The story begins with the Great Bakshi Ghulam Mohammad, and it ends with the forlorn Rashid’e-the scalpel
Published on October 19, 2015

The story begins with the Great Bakshi Ghulam Mohammad, and it ends with the forlorn Rashid’e-the scalpel

The story begins with the Great Bakshi Ghulam Mohammad, and it ends with the forlorn Rashid’e-the scalpel

I was there, your little-mittle Djinn, your Mukhbir-e-Chief. I have seen it all. I am so overwhelmed by what all I know, that I need to drink some Djinn-and-tonic before I write.

I was there when the inimitable Bakshi Sahib, Khalid-e-Kashmir, issued an “appointment letter” after tearing open an empty cigarette pack and writing an order on it.

 The letter simply said that Chaman Lal Gagroo, alias lion-hearted mouse, is hereby appointed as Police Sub-inspector because he is a hatta-katta, rough-tough lad, also because his father Dina Nath Gagroo (“papa-mouse”) served in the Peace Brigade at the time of the Pakistani tribal invasion.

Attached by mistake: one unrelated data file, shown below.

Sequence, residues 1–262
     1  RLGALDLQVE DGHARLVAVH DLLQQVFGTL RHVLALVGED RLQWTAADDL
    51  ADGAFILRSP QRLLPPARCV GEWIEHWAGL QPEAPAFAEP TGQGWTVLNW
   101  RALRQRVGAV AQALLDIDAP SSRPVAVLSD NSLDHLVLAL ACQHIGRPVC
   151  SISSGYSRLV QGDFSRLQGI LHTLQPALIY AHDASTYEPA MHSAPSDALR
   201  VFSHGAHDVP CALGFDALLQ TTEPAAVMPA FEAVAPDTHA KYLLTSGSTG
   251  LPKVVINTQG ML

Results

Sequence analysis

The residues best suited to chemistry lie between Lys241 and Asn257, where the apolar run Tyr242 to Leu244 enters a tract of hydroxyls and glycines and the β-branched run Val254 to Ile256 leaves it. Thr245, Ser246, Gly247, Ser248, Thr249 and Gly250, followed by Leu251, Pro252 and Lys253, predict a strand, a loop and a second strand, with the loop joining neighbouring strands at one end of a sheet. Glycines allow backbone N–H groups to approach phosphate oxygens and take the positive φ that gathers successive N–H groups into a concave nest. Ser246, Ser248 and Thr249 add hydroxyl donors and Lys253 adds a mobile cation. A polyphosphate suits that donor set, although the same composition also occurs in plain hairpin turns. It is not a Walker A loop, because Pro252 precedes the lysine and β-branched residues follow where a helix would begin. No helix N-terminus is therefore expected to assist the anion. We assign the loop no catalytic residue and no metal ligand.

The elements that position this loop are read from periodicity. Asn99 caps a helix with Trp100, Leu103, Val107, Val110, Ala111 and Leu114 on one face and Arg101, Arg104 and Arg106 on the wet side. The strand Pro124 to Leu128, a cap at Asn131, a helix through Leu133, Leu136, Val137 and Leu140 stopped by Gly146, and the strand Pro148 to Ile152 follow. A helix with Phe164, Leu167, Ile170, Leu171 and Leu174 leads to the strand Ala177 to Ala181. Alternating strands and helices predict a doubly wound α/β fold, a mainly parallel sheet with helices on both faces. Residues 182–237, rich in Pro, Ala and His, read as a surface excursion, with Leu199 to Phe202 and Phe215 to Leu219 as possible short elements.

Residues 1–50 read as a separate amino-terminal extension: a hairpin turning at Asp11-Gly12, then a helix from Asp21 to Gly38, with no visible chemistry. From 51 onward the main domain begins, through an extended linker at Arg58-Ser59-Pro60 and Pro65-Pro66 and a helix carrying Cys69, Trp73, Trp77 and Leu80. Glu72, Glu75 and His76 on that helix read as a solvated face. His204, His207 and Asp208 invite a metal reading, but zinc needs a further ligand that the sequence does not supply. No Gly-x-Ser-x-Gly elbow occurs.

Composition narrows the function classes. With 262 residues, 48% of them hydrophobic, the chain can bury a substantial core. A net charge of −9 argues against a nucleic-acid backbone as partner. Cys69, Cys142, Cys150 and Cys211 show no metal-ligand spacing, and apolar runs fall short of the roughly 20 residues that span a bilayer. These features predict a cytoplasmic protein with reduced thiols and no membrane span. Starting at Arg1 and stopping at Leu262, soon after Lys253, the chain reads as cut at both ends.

Dina Nath Gagroo would hold his wooden toy gun with a fake, ferocious look on his kind, handsome face, and patrol the streets of Srinagar, hollering “Haml aver Khabardaar, Hum Kashmiri hain Tayaar.”

“Oh aggressor beware, we Kashmirs are ready to take you on!”

Ajoy’a the Djinn was there when Dina Nath Gagroo, hollered ‘Haml avar Khabardaar,’ in late 1947, standing at Habba Kadal for the first time, after drinking the mythical Gagger-sharab, alcohol fermented in a vat, and offered first in a khosa, a brass glass, to a mouse, the vahana, the mount of Lord Ganesha, the God of auspicious beginnings, and some say, happy endings.

I flew along with the sound waves generated by Dina Nath’s slogan, at the speed and of sound, and found myself in the camp of the feared leader of the Lashkar, Pir Sahab of Manki Sharief, Syed Mohammad Aminul Hassnat.

The terrifying slogan broke the sound barrier as it pierced Pir Sahib’s tent, and toppled a lantern; the kerosene fell on the pants of Pir Sahib’s military advisor, Colonel Bilal Tunda, who was lighting a cigar.

In a divinely ordained moment, the Colonel dropped the lit matchstick on his camouflage pants, and attained Shahadat, became a martyr, and when he went to Jannat, a Hourie assured him, “Honey, rest assured, with me, your pants will always be on fire.”

Dina Nath Gagroo, however didn’t just have a squeaky name, and a loud voice. He was in love with Kashmir, and he was no mouse.